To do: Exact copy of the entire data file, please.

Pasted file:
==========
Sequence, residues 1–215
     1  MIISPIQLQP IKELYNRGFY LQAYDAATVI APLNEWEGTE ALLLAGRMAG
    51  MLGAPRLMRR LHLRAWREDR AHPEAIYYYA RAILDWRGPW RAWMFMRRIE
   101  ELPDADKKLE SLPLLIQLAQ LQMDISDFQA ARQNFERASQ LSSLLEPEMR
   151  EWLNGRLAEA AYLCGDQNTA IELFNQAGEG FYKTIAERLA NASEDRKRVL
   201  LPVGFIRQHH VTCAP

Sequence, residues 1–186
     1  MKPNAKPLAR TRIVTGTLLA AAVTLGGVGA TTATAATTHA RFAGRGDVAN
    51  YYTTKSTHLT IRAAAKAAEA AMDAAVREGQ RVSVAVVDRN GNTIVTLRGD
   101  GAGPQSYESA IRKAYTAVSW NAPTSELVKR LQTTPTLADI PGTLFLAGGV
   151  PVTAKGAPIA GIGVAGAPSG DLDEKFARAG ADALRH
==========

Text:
Sequence, residues 1–215
     1  MIISPIQLQP IKELYNRGFY LQAYDAATVI APLNEWEGTE ALLLAGRMAG
    51  MLGAPRLMRR LHLRAWREDR AHPEAIYYYA RAILDWRGPW RAWMFMRRIE
   101  ELPDADKKLE SLPLLIQLAQ LQMDISDFQA ARQNFERASQ LSSLLEPEMR
   151  EWLNGRLAEA AYLCGDQNTA IELFNQAGEG FYKTIAERLA NASEDRKRVL
   201  LPVGFIRQHH VTCAP

Sequence, residues 1–186
     1  MKPNAKPLAR TRIVTGTLLA AAVTLGGVGA TTATAATTHA RFAGRGDVAN
    51  YYTTKSTHLT IRAAAKAAEA AMDAAVREGQ RVSVAVVDRN GNTIVTLRGD
   101  GAGPQSYESA IRKAYTAVSW NAPTSELVKR LQTTPTLADI PGTLFLAGGV
   151  PVTAKGAPIA GIGVAGAPSG DLDEKFARAG ADALRH